During superstorm Sandy four city hospitals were forced to evacuate, three of the hardest hit had to halt crucial services like emergency room operations for weeks or months. NY1's Erin Billups reports on whether these hospitals are prepared for the next big storm.

As Hurricane Sandy sent the East River surging across the FDR drive, officials at city-owned Bellevue Hospital realized they faced a dire situation.

"The basement filled up very quickly and that's when we began to lose a lot of our critical infrastructure that really put us in a dangerous situation," said Michael Rawlings, Chief Operating Officer of NYC Health + Hospitals/Bellevue

The hospital had lost its power from Con Ed and by 11:30 p.m., staff calculated they only had 30 minutes before the rising waters flooded the fuel tanks for the generators, and crucial electrical switches.

"There were patients that were on critical equipment ventilators and such." said Marcy Pressman, Deputy Executive Director, NYC Health + Hospitals/Bellevue. "There was no way we were going to let anything happen to our patients."

Staffers quickly organized a bucket brigade. Every available hand passed buckets of diesel fuel up 13 flights of stairs to the back-up generator for 12 hours, until the National Guard relieved them.

Every patient survived.

In the aftermath of Sandy, resiliency plans were drafted to prepare for the next big storm. Five years later, the result is a tale of two cities.

Privately-owned NYU Langone Medical Center has funded and built state of the art flood protections.

"What we are doing now, is sort of third and fourth level of resiliency that gives us sort of flexibility and will enable us to withstand a Sandy level event, plus seven feet higher than that," said Paul Schwabacher, Senior vice president facility manager of NYU Langone Medical Center.

Paul Schwabacher is the senior facilities manager at NYU Langone Medical Center, the hospital's point person for implementing a multibillion-dollar series of resiliency upgrades. 

Paid for by its own $6 billion capital expansion and a $1.3 billion federal emergency management agency grant.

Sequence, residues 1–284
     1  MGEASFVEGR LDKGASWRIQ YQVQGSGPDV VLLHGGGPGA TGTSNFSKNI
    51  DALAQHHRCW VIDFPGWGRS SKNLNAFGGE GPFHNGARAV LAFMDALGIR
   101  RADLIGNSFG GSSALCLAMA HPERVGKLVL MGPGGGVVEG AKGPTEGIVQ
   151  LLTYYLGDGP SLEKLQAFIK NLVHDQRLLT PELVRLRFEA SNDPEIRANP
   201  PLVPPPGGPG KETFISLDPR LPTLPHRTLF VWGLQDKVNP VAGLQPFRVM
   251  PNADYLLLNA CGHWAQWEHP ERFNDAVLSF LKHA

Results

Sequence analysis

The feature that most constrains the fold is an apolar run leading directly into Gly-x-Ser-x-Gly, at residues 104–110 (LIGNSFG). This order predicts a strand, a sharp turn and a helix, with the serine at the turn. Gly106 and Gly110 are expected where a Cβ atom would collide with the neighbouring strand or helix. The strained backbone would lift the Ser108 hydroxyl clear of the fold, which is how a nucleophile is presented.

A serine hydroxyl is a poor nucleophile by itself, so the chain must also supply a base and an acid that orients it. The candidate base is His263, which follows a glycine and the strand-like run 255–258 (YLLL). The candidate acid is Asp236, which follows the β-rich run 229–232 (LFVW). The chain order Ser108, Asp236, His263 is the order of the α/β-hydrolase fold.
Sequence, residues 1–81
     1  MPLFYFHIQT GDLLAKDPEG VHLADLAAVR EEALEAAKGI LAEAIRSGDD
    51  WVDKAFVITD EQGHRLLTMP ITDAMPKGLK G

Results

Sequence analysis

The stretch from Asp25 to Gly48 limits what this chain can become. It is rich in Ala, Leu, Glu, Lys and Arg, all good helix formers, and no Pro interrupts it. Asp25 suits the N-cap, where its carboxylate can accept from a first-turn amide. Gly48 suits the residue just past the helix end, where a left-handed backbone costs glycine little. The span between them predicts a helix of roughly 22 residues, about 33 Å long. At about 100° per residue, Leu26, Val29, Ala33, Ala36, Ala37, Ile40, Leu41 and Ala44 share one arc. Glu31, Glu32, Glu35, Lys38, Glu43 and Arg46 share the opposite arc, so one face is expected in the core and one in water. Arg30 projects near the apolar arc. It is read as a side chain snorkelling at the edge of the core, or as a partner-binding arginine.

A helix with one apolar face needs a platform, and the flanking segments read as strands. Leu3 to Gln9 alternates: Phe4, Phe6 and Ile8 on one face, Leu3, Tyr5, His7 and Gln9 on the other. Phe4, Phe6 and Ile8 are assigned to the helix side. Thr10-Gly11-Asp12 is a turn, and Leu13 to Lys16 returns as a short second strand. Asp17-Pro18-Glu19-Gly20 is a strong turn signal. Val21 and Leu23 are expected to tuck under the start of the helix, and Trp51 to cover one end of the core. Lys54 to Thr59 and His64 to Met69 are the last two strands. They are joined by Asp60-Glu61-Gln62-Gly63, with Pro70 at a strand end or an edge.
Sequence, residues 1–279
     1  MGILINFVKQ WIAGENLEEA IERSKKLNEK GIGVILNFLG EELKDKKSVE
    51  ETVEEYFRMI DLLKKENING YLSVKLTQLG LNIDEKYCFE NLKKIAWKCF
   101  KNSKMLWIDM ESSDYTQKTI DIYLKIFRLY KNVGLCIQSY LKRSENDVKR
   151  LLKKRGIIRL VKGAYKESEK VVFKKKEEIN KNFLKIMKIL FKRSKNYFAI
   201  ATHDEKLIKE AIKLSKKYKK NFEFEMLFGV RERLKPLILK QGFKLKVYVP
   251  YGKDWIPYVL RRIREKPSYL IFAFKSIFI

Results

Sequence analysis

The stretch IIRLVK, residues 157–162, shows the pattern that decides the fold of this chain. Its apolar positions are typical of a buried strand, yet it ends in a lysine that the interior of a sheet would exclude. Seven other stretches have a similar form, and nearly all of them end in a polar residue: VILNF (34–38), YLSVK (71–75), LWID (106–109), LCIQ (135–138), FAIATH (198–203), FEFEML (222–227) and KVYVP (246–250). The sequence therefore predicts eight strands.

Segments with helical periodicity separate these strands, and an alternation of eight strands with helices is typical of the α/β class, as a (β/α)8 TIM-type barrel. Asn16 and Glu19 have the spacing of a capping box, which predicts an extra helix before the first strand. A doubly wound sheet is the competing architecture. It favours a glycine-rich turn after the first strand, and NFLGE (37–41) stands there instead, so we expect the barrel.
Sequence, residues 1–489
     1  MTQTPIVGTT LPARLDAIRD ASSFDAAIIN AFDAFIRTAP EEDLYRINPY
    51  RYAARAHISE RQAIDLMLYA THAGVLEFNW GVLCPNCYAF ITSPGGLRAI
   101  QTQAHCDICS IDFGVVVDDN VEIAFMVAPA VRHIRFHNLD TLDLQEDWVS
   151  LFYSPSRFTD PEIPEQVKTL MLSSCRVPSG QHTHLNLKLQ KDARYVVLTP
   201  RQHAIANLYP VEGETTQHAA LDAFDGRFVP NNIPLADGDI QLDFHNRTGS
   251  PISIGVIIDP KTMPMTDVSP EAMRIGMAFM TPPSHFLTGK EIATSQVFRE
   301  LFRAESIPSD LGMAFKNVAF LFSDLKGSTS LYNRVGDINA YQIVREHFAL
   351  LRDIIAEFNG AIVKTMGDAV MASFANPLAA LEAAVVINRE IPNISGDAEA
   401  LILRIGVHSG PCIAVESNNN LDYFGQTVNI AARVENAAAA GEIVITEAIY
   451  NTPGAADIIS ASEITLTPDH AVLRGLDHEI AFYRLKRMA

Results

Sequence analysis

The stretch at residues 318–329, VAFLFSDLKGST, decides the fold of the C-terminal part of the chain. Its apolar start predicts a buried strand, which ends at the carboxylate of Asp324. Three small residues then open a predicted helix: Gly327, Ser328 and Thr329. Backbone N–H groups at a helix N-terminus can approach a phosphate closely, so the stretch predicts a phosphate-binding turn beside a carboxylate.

These hydraulic flood barriers have been installed outside every entrance facing the East River.

Three new buildings have been built, all with reinforced, waterproofed concrete and flood-proof elevators.

Inside, like a submarine, the hospital's basement has multiple layers of protections.

"So if for some reason, we had a problem with the exterior barrier we would have this closed and then it would just prevent the water from continuing so the whole campus is segmented," said Schwabacher.

The energy building is the crown jewel of NYU's resiliency efforts, its own power plant.

"So what this gives us is on site generation of more power," said Schwabacher.

NYU's facility manager says he's confident the hospital could continue serving patients during the next Sandy.

Officials at NYC Health and Hospitals say they too, are better protected.

But, the resiliency work at the city-run facilities is less ambitious and is proceeding at a far slower pace because of financial constraints and bureaucracy.

One of those facilities is Coney Island Hospital in Brooklyn. 

"The water made its way up Ocean Parkway into the campus here and put I'd say about a foot of water on the first floor," said Dan Collins, Facilities Director at Coney Island Hospital.

A concrete flood wall remains in the planning stages, but for now, Coney Island Hospital is relying on walls around the perimeter.

"It's filled with sand, about four and a half feet high, it's about 2,600 linear feet around the entire perimeter," said Collins.

The sand walls have been in place for over a year and will be the main barrier for the hospital for the foreseeable future.

Less than half of the $1.7 billion FEMA allocated to city-run hospitals, to share, has been spent.

At Coney Island, there is a plan to replace a parking lot with a new building to house an elevated emergency room, but the hospital would not say when that will happen. 

At Bellevue, electrical switching has been moved up, high pressure water pumps were installed above flood levels and flood doors have been installed in the basement.

"We are certainly a lot better prepared today to deal with flooding than we were pre-sandy but I think until our five hundred year flood wall goes up along the FDR will we really feel like we are able to defend in place here," said Rawlings. 

But the city's plan for that barrier has been delayed and is at least seven years out from completion.